Thu, Feb 17, 2005 - Page 7 News List

Shy doctor could be Iraq's next leader


The shy family doctor who emerged on Tuesday as the most likely candidate to become Iraq's first democratically-elected prime minister says he would make ending the nation's rampant violence his top priority and US troops would remain as long as they were needed to achieve that goal.

In an exclusive Associated Press interview, the moderate Shiite politician, who fled a brutal crackdown by Saddam Hussein in 1980, talked about drafting a constitution that will draw not only on Islam for inspiration.

"Islam should be the official religion of the country, and one of the main sources for legislation, along with other sources that do not harm Muslim sensibilities," he said.

Al-Jaafari, who lived in London and is the leader of the Dawa Party, emerged as the top contender for the prime minister's job on Tuesday after his main rival, Adel Abdul Mahdi, dropped out. Ahmad Chalabi, a former Pentagon favorite, was still in the running, but was considered by many to be a long shot.

In Sunday's results, the United Iraqi Alliance scooped 48 percent of the vote for the National Assembly, the Kurdish alliance took 26 percent and Allawi, a secular Shiite, won only 14 percent. That could make the Kurds the king makers in the new Iraq.

The provisional results have yet to be certified by the election commission pending challenges. Once the results are certified, the present government must set a timetable for installing the new government, a process that could take weeks.

Al-Jaafari, 58, acknowledged that recent deals reached between Iraq's religious parties pointed toward his victory.

"I hear from here and there, but I can't tell to what extent it is a consensus," he said, wearing a blue suit and a neatly trimmed gray beard.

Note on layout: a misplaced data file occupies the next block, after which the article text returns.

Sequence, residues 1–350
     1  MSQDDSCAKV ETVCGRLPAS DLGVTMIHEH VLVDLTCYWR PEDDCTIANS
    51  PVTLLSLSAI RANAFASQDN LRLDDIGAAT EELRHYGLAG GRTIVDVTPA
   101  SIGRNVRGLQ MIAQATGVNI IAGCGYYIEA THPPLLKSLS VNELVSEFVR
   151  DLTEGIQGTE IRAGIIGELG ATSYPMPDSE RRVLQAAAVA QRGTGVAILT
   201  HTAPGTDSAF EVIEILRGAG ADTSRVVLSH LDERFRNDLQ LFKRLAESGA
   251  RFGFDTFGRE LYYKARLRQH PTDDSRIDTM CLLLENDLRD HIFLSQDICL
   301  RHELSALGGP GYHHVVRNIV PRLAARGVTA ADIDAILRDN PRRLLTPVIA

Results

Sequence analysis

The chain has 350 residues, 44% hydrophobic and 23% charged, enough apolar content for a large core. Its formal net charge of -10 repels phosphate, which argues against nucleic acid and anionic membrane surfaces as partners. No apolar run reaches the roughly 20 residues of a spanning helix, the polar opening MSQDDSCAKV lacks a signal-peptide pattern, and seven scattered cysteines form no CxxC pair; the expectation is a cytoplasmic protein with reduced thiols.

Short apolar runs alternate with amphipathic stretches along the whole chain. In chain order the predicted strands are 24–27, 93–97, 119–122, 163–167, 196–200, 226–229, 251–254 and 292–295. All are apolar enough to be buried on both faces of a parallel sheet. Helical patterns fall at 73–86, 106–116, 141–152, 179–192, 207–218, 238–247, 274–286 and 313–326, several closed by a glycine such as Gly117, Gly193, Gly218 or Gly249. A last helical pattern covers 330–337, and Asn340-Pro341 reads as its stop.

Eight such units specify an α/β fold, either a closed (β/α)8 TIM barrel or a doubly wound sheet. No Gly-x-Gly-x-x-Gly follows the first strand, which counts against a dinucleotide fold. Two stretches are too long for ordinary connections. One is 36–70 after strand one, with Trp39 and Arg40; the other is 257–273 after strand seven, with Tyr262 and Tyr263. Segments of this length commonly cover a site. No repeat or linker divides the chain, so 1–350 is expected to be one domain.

Al-Jaafari said that if he is confirmed as prime minister, he would first try to stymie the violence that has crippled the nation's recovery from decades of war and hardship.

"The security situation is at the top, as it is a pressing element," al-Jaafari said. He also said he would not push for the US and its allies to withdraw their troops from Iraq any time soon.

"Blood is being spilled and the land is under attack," he said. "How about if we decided to get these troops out of Iraq?" he said, suggesting that the situation would be much worse than it is now.

But al-Jaafar has kept some distance from the US occupation.

He boycotted a US-organized meeting of Iraqi politicians near the biblical city of Ur in April 2003. While he served on the Governing Council appointed by the US government shortly after the invasion, he turned down the Americans' offer of protection. But he did serve on the council and became vice president of the interim government that replaced it.

Speaking from his home in the US guarded Green Zone in central Baghdad, he said he shares the Kurdish and Shiite desire for federalism in Iraq.

"I am looking for a constitution that would be a clear mirror of the composition of the Iraq people," he said. It should be "based on respecting all Iraqi beliefs and freedoms."

But he was clear that he opposed any attempts to break Iraq apart, following a non-binding referendum in the Kurdistan region promoting independence.

"Federalism doesn't mean separation from the nation state," he said.

Even though he leads the Dawa Party, which is part of the clergy-endorsed United Iraqi Alliance, his views contrasted with the official platform on the party's Web site.

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